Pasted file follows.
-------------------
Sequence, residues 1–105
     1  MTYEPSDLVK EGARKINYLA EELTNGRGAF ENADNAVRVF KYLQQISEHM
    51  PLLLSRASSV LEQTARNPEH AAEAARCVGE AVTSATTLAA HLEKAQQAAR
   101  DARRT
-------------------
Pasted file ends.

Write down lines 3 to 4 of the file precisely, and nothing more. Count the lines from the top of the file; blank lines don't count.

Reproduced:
    51  PLLLSRASSV LEQTARNPEH AAEAARCVGE AVTSATTLAA HLEKAQQAAR
   101  DARRT